They chose to walk with the Lord, before their walk on the moon. Aldrin had brought a tiny communion kit, given him by his church. It had a silver chalice and wine vial about the size of the tip of his finger. During the morning he radioed, “Houston, this is Eagle. I would like to request a few moments of silence. I invite each person listening in, whoever or wherever he may be, to contemplate for a moment the events of the last few hours, and to give thanks in his own individual way.”
“I opened the little plastic packages which contained the bread and the wine,” Aldrin wrote. I poured the wine into the chalice our church had given me. In the one-sixth gravity of the moon, the wine slowly curled and gracefully came up the side of the cup. Then I read the Scripture, ‘I am the vine, you are the branches. Whosoever abides in me will bring forth much fruit.’ I ate the host and swallowed the wine. I gave thanks for the intelligence and spirit that had brought two young pilots to the Sea of Tranquility. The very first liquid ever poured on the moon and the very first food eaten there were the communion elements.”
Being connected with Christ was that important for astronauts Aldrin and Armstrong and Collins. When we accept what God has given us--- as they did on that day forty-five years ago--- our lives become holy. "Abide in me as I abide in you," said Jesus. "Apart from me you can do nothing." With Him, and with each other, we can do everything.
We honor our moms today. Mother's Day isn't a religious holiday, but it's hugely important in American culter. We always know what holiday is coming up next, from the Lowry billboard at Cedar Crest. This week, the man on the billboard has been wearing a t-shirt that says, "I 'heart' you, Mom" and holding a huge pink bouquet. "Mother's Day' appears on the office calendars at Staples, but Pentecost and Epiphany don't show up on any of them.
What's the connection between parents and God? It's obvious. Many of us learned, as children, to pray to our Heavenly Father. Some choose to pray to their Heavenly Mother. Our relationships with our parents influence the ways we relate to God.
If God feels like a parent to you, how do you picture Him? Or, if you're a feminist, "Her?" You've probably heard the expression, "helicopter parenting." The stereotyped helicopter mom or dad is always buzzing around, controlling and interfering. Teachers, coaches and other adults who teach kids, don't appreciate "helicopter parents." I had a few run-ins with Type-A parents as a children's librarian. They would get a little too intense about everything. And yet, "helicopter parents" can be wonderful in certain situations. Helicopter moms and dads love their kids more than anyone else in the world. My dad was one of them. In the late sixties he had three children, plus my mother, in college at once. He was there to stand up for us, when we really needed it.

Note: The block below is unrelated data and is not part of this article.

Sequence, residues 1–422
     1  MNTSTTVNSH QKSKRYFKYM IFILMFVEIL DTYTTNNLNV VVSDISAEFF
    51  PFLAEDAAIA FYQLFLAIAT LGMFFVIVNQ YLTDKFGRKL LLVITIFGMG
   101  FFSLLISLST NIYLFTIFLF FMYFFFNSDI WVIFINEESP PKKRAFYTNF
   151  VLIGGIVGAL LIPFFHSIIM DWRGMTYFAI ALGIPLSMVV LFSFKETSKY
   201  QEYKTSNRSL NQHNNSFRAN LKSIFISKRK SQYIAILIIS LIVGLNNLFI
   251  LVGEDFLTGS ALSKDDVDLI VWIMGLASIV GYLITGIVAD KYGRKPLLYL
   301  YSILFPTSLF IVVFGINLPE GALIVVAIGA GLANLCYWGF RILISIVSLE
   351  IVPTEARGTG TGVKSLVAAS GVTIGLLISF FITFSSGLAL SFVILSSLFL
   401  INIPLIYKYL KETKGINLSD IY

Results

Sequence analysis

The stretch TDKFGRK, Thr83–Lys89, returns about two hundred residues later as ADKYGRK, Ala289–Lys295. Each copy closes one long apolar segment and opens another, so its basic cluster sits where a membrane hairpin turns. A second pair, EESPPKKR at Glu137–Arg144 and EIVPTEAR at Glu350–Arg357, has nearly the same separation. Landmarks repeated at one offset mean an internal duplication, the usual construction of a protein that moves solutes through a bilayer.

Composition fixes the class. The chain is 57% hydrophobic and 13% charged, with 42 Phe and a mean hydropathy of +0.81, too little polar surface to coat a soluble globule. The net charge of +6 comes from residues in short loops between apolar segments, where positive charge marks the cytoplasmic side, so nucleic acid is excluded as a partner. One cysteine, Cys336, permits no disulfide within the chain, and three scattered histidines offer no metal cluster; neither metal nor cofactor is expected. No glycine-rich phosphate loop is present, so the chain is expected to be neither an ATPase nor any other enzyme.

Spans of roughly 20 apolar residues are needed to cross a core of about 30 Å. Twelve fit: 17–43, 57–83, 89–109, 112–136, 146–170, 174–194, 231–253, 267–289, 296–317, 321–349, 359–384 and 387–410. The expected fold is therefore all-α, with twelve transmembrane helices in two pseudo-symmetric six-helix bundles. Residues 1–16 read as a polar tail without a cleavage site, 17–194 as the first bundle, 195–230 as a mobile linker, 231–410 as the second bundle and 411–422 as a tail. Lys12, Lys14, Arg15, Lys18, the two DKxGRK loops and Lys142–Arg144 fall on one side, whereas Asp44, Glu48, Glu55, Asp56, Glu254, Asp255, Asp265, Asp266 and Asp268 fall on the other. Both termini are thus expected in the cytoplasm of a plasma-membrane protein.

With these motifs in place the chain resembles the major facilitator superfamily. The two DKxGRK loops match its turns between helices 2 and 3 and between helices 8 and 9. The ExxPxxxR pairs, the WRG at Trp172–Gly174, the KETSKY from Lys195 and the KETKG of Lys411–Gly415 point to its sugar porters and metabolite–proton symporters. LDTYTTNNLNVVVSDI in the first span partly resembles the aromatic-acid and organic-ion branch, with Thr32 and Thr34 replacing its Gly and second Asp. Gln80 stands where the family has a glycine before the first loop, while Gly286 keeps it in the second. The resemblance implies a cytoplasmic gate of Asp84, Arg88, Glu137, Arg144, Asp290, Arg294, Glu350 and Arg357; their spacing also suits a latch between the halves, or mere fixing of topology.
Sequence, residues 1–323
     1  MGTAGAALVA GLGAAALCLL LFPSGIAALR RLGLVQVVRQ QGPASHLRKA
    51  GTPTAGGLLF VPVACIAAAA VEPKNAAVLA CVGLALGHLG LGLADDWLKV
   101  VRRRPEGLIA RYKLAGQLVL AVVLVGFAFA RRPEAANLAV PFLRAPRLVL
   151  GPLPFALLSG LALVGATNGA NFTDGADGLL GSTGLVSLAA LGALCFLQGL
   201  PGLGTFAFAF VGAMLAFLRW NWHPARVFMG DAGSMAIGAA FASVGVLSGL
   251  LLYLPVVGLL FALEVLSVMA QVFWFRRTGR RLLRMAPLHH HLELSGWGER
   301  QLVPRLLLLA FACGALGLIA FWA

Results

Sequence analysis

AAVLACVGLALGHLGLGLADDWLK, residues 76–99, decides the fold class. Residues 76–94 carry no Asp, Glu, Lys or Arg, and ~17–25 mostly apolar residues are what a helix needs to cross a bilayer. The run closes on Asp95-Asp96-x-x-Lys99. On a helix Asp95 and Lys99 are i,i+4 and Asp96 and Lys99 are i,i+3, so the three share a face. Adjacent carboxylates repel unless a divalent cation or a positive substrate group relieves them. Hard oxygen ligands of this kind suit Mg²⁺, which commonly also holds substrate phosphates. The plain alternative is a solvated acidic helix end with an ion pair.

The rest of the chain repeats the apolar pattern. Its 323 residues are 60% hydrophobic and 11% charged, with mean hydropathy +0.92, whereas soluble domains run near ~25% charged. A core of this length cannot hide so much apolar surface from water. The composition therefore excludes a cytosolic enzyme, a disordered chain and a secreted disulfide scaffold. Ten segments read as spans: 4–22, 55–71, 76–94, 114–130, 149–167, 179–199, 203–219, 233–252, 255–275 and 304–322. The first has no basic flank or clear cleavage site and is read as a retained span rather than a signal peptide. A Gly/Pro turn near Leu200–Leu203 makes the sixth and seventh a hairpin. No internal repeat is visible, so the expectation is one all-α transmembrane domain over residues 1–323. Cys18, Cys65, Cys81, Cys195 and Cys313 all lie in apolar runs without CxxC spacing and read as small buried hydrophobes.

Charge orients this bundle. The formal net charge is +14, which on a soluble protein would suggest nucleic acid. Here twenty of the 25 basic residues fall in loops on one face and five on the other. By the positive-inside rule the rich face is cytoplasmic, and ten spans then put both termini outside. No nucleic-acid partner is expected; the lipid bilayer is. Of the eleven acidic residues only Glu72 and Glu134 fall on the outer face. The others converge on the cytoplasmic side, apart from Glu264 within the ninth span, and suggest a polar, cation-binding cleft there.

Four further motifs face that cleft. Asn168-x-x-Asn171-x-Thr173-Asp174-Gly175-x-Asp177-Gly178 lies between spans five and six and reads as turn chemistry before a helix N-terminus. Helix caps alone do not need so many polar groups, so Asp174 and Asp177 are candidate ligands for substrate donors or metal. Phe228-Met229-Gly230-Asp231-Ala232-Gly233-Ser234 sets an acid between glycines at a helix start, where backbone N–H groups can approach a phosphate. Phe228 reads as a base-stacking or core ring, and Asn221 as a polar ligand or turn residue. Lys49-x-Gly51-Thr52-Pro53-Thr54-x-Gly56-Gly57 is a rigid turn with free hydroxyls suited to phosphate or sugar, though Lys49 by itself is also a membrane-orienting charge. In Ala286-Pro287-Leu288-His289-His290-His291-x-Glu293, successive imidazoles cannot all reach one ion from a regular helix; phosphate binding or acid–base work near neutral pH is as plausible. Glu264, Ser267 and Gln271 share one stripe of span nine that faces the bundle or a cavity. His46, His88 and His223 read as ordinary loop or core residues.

How do we want God to parent us? Do we want the Almighty to hover over us? Do you think of God as your helicopter parent? Or do you think differently about God? Rabbi David Wolpe of Los Angeles' Sinai Temple writes about a different kind of parenting style: that of a "helium parent." In the Rabbi's words: "We should hold on to our children as a child holds a balloon. Let them rise, float on their own, but keep a grasp on the string so that they do not float away to unknown parts. The time will come when we need to release the balloon. In the meantime, instead of hovering from above, we should be holding lightly from below. Think of it as parental string theory." Do you have, or did you have, a "hand-on-the-string" parent? I think we have a "hand-on-the-string" God!
Rabbi Wolpe continues: "So often we forget that we are not trying to create 'the most outstanding children,' but competent, kind adults. Self-reliance is the fruit of patience. It is nurtured by failure, and it is encouraged by appropriate risk. Coddle a kid and you get a coddled kid. Let them soar and you get an adult." I would like to think of God as a helium mom, holding gently to the end of a string as we dance on the wind-currents.
In my perception of God, He doesn't seem interested in micromanaging our lives. To the contrary, the Lord seems content to leave us alone for long periods, with only the lightest of tugs on the balloon string. Sometimes that touch is imperceptible, barely there. At episodes of temptation, in particular, we may suddenly feel a strong pull on the line. At the worst times, God calls us back into closer relationship. In today's gospel text from John, Jesus talks about God as a parent. What does the gospel lesson tell us about God's love?